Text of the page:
St. Patrick’s Cathedral is one of the landmarks of Midtown Manhattan. Its Neo-Gothic aesthetic contrasts starkly with the Art Deco Rockefeller Center, thereby ensuring that no one walking on Fifth Avenue will miss its grandeur. The main part of the Cathedral was completed in 1878 and designed by architect James Renwick. St. Patrick’s Cathedral, which served as the sear of the Archdiocese of New York, has recently undergone a thorough renovation and appears to be sparkling like new. The next time you find yourself in Midtown, stop by St. Patrick’s and be impressed by these 10 facts about one of the City’s most famous Cathedrals.
In these, the dog days of summer, it’s rare to see a pair of trousers extended to their full length. Plenty of people even wear a special garment called “shorts.” This article of clothing has been subjected to a truly absurd amount of debate, especially on the topic of whether or not it’s appropriate for a man to wear them. This is ridiculous. Wear whatever you want, your masculinity can withstand showing a little knee. While I’m not an enemy of shorts in general, regardless of the gender of the person wearing them, I prefer not to put them on myself. If you, like me, insist on not wearing shorts, there are two ways to send a breeze around your ankles in long pants—cuff them or roll them up (versatile!), or get the more clean-cut look of pants cut a few inches above the anklebone.
Storefront for Art and Architecture at 97 Kenmare Street
Even if you haven’t been to an exhibit at the Storefront for Art and Architecture in Nolita, you’ll recognize its unique deconstructed facade of windows that open and close. Some visitors don’t even know which opening is the official front door and people have been known to climb in through the windows, Storefront tells us. Founded in 1982 and dedicated to presenting innovative and provocative work at the intersection of art and architecture, the Storefront for Art and Architecture has an impressive archival collection of material that includes original artwork and wild conceptual designs, from some of today’s leading architects like Diller + Scofidio, Steven Holl and Lebbeus Woods.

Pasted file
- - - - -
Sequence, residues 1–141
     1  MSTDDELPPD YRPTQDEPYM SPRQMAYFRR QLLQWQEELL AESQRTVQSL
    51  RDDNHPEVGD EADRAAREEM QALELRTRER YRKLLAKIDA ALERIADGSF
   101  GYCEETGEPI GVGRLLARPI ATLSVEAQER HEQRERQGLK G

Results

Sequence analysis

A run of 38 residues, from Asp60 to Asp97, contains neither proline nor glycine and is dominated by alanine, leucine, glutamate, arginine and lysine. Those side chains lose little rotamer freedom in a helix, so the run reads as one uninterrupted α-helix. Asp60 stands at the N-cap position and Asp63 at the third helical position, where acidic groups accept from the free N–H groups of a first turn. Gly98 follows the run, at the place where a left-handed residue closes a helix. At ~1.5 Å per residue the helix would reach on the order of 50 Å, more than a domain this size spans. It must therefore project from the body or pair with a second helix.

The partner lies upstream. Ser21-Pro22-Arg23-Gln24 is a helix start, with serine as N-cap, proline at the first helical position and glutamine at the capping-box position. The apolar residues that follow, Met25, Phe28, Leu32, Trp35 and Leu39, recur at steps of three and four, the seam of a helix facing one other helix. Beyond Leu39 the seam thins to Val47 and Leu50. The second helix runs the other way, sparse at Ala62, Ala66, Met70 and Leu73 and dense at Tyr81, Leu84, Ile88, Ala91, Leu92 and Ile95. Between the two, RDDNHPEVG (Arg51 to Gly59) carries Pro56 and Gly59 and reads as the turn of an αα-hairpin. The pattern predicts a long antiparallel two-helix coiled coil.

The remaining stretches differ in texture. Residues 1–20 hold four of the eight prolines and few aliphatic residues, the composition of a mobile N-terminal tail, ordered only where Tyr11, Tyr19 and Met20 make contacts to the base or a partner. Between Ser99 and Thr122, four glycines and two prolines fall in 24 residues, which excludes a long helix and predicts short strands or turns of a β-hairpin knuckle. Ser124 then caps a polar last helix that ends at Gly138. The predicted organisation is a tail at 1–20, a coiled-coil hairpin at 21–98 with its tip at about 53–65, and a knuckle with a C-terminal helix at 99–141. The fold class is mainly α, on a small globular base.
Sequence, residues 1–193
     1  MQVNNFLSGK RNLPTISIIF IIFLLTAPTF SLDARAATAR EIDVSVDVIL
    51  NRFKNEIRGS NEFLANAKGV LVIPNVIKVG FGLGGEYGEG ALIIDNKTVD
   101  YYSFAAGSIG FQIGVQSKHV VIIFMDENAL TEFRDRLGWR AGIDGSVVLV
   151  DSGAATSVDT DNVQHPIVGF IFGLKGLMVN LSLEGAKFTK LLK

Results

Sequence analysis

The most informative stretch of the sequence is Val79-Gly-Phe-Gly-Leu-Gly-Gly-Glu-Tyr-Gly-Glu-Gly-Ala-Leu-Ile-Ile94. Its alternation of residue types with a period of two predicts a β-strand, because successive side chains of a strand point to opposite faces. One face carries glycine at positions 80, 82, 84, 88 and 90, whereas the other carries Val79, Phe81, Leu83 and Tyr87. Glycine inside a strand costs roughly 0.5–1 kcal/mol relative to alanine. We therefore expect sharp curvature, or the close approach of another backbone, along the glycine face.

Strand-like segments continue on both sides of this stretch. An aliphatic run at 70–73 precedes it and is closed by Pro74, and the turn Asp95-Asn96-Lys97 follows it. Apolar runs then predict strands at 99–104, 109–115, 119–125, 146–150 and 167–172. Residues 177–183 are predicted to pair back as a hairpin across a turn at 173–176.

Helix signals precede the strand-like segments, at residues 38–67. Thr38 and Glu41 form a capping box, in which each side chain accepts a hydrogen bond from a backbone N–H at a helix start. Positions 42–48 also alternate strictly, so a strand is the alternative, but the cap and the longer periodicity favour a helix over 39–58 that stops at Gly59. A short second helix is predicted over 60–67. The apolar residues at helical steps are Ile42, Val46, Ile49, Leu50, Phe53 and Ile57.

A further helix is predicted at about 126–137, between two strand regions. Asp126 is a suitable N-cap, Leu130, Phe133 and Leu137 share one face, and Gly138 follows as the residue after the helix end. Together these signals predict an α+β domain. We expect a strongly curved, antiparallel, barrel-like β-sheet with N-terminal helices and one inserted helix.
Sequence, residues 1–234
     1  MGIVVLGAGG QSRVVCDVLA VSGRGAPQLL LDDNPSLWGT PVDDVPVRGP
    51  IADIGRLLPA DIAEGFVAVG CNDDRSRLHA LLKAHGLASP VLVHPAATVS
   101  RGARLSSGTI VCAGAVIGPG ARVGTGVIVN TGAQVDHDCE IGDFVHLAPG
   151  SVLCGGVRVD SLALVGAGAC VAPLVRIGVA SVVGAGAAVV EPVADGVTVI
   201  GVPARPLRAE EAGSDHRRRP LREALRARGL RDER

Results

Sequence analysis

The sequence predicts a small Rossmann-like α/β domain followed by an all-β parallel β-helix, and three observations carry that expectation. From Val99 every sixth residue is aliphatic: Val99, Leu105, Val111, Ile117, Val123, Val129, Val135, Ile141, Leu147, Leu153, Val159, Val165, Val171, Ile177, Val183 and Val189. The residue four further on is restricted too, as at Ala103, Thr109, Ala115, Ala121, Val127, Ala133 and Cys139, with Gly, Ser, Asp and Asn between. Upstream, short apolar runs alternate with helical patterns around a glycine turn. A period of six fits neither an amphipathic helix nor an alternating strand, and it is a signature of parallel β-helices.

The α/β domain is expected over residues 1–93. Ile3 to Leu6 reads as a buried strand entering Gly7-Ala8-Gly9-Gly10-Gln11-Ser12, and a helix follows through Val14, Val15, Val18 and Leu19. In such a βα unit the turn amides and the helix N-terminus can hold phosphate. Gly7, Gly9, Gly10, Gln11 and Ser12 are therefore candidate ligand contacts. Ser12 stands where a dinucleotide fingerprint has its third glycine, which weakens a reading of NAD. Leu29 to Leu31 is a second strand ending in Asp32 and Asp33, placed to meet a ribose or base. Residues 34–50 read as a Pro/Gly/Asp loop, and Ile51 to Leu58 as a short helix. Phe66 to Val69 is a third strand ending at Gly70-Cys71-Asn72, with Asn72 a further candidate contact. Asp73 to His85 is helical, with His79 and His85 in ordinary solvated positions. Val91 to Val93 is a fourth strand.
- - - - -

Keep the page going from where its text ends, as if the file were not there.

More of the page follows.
Led by curator Chialin Chou, who began work on the archives two years ago, the Storefront for Art and Architecture archives will officially open next Thursday in Industry City. We’re excited to offer this sneak peek of the space as well as announce an new partnership with Storefront to show readers materials from the archive, as a new primary source for our column The New York City That Never Was.
NYC’s Slave Market was located at what is now Wall Street and Pearl Street. Image via Flickr by bradhoc
When you think about slavery, New York City rarely comes to mind, but there’s actually a deep history entrenched in the streets and buildings of New York. As we showed before, the Underground Railroad had a large presence here and finally this year, in an effort to recognize #blacklivesmatter, New York City has finally acknowledged that it was once home to one of the biggest slave markets in the country. In June, Mayor de Blasio unveiled a new plaque marking the spot on Wall Street where the slave market once stood, dedicating it to the thousands of enslaved people who passed through.
Inspired by this historic event, here are 10 things you may not have known about New York City’s slave market.
As August comes to a close, the eclecticism of New York City events is still evident with a historical re-enactment, an urban planning potluck, and special museum events.
Named in honor of the Whitney’s new address, 99 Gansevoort Street, 99 Objects is a series of in-gallery programs focusing on individual works of art from the Museum’s collection on view in America Is Hard to See.
The Design Trust for Public Space will have its second Public Space Potluck this summer at Staten Island’s Pier 1 from 6-8pm, in front of the National Lighthouse Museum and a short walk from the Staten Island Ferry. RSVP to attend, and bring a dish to share.
Map via Boston Public Library
Back it the early days of New York, Manhattan was narrower, swampy and full of things called slips, narrow slivers of harbor left for boats as landfill extended the coastline. This map from D. T. Valentine’s Manual of the Corporation of the City of New York, currently on display at the Boston Public Library’s American Revolution exhibition We Are One: Mapping the Road from Revolution to Independence, maps the “made and swampland” of New York City and a bit of Brooklyn (then Long Island) in 1856.